It wasn’t long afterward that the Executive Branch issued a new policy that resulted in the singular use of the unique name, “Air Force One” for all future USAF flights with the President on board — no matter what the airplane. The name was likewise limited by the FAA to just the President’s airplane. Likewise, the US Marines, which transports the President by helicopter to and from the White House to Andrews AFB or Camp David, is called “Marine One” while the President is aboard. And the US Navy? Yes, even the US Navy has carried a President on an aircraft, though to our knowledge only once when President George W. Bush flew as copilot on a S-3B Viking for a landing on the aircraft carrier USS Abraham Lincoln (CVN-72) — that aircraft was dubbed, “Navy One”.
The Next Air Force One
The USAF expects that the current VC-25A (Boeing 747-200B) Air Force One airplanes will last until at least 2017, when, in accordance with a 2009 request for proposal, a new aircraft will replace the current one. EADS, in the wake of the USAF Airbus vs. Boeing tanker bid problems, has announced that it will not bid with a European manufactured aircraft — and it is clear that the award would have likely gone to an American-built airplane anyway. Therefore, it is expected that the USAF will select either a Boeing 747–8 or Boeing 787 Dreamliner as the next Air Force One. Most probably, the Dreamliner has the inside track, but then again, the distinctive 747 Jumbo Jet “hump back” may yet carry the day. Put simply, in many ways, the 747 represents the “look” of American commercial aviation.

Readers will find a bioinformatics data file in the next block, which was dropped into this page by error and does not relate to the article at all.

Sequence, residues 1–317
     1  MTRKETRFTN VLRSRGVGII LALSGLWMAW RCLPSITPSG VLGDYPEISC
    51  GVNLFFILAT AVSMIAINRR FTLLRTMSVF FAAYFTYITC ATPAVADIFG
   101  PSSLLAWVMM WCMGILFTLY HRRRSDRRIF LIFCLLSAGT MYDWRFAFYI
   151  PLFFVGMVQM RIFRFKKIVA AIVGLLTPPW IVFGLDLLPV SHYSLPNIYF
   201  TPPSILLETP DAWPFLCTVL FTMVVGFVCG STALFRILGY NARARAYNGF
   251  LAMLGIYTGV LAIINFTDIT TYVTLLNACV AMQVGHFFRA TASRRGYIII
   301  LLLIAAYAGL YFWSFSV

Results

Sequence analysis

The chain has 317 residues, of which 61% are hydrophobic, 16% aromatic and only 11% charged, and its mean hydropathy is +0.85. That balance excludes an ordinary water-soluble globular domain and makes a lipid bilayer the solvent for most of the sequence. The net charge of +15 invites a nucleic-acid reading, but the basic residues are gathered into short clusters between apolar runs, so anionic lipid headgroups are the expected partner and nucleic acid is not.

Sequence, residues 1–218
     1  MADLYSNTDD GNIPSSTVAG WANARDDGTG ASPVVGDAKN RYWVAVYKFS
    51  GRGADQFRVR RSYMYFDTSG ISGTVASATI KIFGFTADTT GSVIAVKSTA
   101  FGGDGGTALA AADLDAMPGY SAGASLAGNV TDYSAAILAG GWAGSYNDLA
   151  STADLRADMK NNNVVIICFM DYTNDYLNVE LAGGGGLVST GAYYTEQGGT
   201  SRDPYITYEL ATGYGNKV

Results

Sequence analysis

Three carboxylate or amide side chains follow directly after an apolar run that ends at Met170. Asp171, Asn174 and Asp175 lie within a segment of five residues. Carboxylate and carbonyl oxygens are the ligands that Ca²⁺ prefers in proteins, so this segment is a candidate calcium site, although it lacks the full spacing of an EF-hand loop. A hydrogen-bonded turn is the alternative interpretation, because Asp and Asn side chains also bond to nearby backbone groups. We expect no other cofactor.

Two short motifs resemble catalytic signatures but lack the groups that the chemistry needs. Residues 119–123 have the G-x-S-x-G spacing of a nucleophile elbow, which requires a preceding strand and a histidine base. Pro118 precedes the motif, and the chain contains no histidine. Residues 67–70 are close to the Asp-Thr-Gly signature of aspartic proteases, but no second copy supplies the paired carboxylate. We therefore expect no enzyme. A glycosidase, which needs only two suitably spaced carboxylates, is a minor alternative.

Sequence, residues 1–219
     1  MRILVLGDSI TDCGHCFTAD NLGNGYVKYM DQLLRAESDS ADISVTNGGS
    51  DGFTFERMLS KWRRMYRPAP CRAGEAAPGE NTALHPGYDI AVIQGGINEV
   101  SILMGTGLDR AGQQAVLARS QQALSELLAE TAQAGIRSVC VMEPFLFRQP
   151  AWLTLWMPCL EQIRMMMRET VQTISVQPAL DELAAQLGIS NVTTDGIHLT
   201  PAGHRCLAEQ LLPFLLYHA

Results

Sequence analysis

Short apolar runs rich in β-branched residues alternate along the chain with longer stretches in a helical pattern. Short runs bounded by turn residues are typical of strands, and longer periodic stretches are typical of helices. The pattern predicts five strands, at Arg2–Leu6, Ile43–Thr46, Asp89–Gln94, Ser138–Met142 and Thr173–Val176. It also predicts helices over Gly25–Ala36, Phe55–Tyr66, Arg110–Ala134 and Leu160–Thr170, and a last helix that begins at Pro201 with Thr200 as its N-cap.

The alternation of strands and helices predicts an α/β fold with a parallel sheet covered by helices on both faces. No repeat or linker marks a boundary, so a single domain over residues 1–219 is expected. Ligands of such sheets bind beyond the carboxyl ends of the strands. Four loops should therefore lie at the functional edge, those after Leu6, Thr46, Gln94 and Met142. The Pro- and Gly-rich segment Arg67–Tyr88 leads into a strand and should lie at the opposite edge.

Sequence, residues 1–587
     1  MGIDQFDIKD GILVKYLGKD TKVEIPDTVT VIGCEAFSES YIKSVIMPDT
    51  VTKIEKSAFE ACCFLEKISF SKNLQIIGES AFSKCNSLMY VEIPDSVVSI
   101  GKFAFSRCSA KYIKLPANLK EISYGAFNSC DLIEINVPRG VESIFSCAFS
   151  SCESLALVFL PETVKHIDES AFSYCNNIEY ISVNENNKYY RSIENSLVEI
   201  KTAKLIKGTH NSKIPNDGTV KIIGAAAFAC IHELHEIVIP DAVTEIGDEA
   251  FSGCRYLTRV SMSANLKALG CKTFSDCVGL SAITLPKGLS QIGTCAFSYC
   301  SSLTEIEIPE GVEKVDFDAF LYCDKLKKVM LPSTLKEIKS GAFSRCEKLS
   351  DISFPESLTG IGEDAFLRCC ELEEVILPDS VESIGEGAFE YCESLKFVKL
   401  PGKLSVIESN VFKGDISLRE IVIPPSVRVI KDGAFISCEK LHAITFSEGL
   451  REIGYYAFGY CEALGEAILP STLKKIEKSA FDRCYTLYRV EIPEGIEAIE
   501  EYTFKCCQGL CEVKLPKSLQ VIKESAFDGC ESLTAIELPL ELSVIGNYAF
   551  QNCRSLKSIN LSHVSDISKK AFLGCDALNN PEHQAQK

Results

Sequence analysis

The interior design of Air Force One has traditionally been the prerogative of the First Lady (the President’s wife), though the overall design was originally authored by famed industrial designed Raymond Loewy (a Frenchman living in the USA whose designs included the streamlining of locomotives and several classic automotive designs, as well as the well-loved Le Creuset cookware line and even the USCG orange stripe logo). When the USAF acquired the Boeing 707 aircraft 26000 and 27000, the interior design work was overseen by Jackie Kennedy. Her sophisticated New England style tastes showed through in everything from the carpets and drapes to the bathroom vanity mirrors and the President’s armchair. Likewise, when the new VC-25A (Boeing 747) aircraft were acquired, the interior designs were overseen by First Lady Nancy Reagan who added a touch of the American West to the layout and design elements. The next Air Force One will likely be designed by the next First Lady, presumably either Michelle Obama (if the President is reelected) or Mitt Romney’s wife, Ann. Thus, it seems that — at least from an aviation point of view — this coming election is more critical than ever for the future of America. Either way, however, it is likely that Midwestern or Great Lakes theme might well be selected — either Chicago, Illinois, or the Detroit area of Michigan — whatever that means?
What was the smallest aircraft type (make and model) ever acquired by the USAF to serve in the role of Air Force One? Did the President ever use it?